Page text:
And sometimes Dreis' vocals miss the mark. "Matchbox" contains an ear-splitting falsetto harmony, and Dreis' vocals slip off key too often to make the track a pleasurable listen.
The album suffers most from a bad mix in which Dreis' vocals are placed too high and overshadow the pleasantness of his songs and arrangements. "Bittersweet With Lime" should be a haunting ode to heartbreak.
But instead of floating in, his vocals burst in abruptly, and the lack of transition is nothing short of rude.
Despite its flaws, Yours Asleep boasts a fresh spirit and a sense of gentle, homegrown comfort. And while Dreis has an ear for some truly great arrangements, his inexperience is evident.
In the end, Dreis' heart is in the right place, and he has a great pop album floating around in him somewhere.
By Michael Abernethy
Sticking to the same formula that garnered so much fame, Alan Jackson's Drive breaks no new ground but will please old fans with his characteristic honky-tonk drawl and basic chords.
A simple man from simple beginnings, Alan Jackson is the everyday man's country star, focusing on issues and feelings that everyone has to deal with. His 10th original LP, Drive proves that he has not lost touch with his roots but also shows that his music has not matured.
Jackson's soothing drawl, the perfect example of country, from the drawn yawls all the way down to his pronunciation of "flying," purrs through 12 tracks about everything from love to drinking.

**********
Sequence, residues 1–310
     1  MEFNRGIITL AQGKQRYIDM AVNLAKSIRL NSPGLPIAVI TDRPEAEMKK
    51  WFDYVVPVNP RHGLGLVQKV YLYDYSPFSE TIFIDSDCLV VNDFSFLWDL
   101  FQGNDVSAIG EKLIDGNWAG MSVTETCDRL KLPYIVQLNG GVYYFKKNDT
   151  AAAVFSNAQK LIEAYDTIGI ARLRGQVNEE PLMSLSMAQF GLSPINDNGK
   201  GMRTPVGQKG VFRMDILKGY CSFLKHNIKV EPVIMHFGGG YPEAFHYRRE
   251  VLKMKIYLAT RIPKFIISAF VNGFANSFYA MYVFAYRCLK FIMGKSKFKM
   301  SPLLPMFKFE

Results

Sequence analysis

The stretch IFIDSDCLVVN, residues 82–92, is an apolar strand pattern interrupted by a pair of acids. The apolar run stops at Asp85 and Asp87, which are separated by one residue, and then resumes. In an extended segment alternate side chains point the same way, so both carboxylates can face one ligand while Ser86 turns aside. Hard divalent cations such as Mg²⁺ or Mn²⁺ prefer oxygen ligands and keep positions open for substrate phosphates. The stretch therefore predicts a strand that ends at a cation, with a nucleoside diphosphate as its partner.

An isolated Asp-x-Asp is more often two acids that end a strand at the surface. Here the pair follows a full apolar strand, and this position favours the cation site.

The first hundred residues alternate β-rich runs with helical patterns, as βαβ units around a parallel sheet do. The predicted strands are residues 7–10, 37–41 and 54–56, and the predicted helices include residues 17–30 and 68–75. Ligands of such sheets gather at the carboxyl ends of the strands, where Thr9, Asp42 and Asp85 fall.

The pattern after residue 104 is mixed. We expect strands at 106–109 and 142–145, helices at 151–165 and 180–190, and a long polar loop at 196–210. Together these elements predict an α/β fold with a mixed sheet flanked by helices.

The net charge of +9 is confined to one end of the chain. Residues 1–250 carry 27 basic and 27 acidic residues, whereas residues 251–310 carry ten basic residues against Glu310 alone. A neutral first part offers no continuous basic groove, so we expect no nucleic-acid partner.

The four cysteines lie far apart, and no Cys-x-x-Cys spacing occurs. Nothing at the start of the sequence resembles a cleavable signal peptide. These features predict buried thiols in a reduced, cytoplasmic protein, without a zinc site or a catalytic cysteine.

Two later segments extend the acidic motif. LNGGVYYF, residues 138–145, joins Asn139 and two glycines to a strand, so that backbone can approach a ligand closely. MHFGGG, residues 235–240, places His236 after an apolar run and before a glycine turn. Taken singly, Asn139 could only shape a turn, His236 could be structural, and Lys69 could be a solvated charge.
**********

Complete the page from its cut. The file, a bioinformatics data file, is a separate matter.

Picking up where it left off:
The background music blends nicely with his voice and is also raw country, sporting only a few chords but leaving Jackson plenty of room to play around.
But all that country style and honky-tonk attitude leaves the album monotonous and boring, save for a few standouts.
Tracks often bleed together in a intangible blur that not only detracts from the album but also each individual songs. It is hard to appreciate a beautiful track when you can't tell one from the other.
Jackson's formula for success has become a little antiquated, full of Nashville pop, but that is it and it simply isn't enough.
Though marred by repetition and lop-sided production (with four empty love songs stacked at the end), Drive boosts a few cuts that break the boredom with laughter and tears. "Designated Drinker," is a somber yet amusing song about drinking away heartbreak, while the title track, "Drive," is a nostalgic and deeply emotional amalgamation of memories.
Jackson even pokes fun at himself in the lighthearted romp "Work In Progress," proclaiming "And I read that book you gave me 'bout Mars and Venus/ I think it's sinking in but I probably need to reread it/But I'm starting to see now, what you been sayin' is right."
But his most impressive work comes in the slow and tear-jerking "Where Were You (When The World Stopped Turning)," where his songwriting talent confronts the terrorist attacks in a simple, earthly tone. Everyone can relate with the sadness ringing through the chords as Jackson disregards politics and puts his heart on display.
Filled with the same slightly bluesy, honky-tonk, Nashville attitude, Jackson hasn't changed a bit over 10 LPs. His lyrics are still simple and sometimes silly, his rhythms have that same deep Appalachian twang and his voice is sometimes so deeply country it hurts; but as the old adage goes, if it ain't broke, don't fix it.
By Nick Parker